A "tree hunter" who has been recording ancient trees along the English and Welsh border has completed a trail he started 13 years ago to the day.
Rob McBride, from Ellesmere in Shropshire, has been walking the 177 mile (285km) Offa's Dyke path, logging hundreds of trees, since 23 April 2008.
Joking about the end of his journey he said: "I must be a slow walker".
The project will be recorded in his forthcoming publication The Great Trees of Offa's Dyke.
Mr McBride, a former software engineer, initially thought it would only take a few weeks to complete the project, during which he has been recording trees for the Woodland Trust on the Ancient Tree Inventory.
He said the oldest tree he has recorded was a yew at Discoed churchyard, close to the Dyke, which was between 2,500 to 3,000 years old, while the largest tree was the Buttington Oak at 11m across, which sadly fell in 2018.
The Offa's Dyke path links Sedbury Cliffs near Chepstow with the coastal town of Prestatyn, crossing the border between England and Wales over 20 times.
"Today is a landmark for me for sure," Mr McBride said.
"I would guess I have recorded somewhere between 500 and 1,000 trees, because I still have quite a few to record on the website."
Reflecting on his journey he said: "Some of the sights are just 'wow'. There are incredible trees, some of the oldest trees are around about 3,000-years-old."
Shortly before reaching the end of the route, Mr McBride stopped at Offa's Mead Academy in Chepstow where he gave a short talk about his adventures to pupils.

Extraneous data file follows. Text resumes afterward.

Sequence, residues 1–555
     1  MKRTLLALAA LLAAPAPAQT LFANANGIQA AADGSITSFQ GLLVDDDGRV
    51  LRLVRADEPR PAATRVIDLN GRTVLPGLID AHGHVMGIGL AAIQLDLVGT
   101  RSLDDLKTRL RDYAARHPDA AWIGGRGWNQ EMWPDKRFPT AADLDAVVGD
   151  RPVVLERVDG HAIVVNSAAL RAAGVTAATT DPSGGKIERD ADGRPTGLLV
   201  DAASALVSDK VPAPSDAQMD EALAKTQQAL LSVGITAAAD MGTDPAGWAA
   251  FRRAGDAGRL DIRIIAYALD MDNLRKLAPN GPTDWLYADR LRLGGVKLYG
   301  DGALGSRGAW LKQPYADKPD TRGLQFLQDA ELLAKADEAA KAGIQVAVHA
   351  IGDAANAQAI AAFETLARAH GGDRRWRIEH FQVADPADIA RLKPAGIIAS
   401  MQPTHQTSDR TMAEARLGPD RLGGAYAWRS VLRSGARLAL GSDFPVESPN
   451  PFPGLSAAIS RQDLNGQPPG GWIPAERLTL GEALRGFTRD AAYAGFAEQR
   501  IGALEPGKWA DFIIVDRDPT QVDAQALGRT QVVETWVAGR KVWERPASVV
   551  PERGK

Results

"It's been amazing, the kids all lined up alongside the route, along the road, it was quite emotional really," he said.
Mr McBride finished the venture dressed as Garry Hogg, a journalist-turned-author, who walked the route in 1945-46, wearing a trilby hat, with a pipe and tweed jacket.
Mr McBride's passion for trees started after a mental breakdown, when serious anxiety forced him to end his IT career.
After "being prescribed fresh air and exercise", he started attending meetings with "tree professors" who taught him how to identify ancient trees.
Over the years he has walked, cycled, camped and hitch-hiked, spending days away from home at a time to catalogue his finds.
Mr McBride said his favourite tree along the route was the Oak at the Gate of the Dead, near Chirk, Wrexham, which he named in 2006, and is the "last living witness" to the Battle of Crogen in 1165.
He joked that now he has finished the trail, he just needs to finish the book, before starting on his next adventure.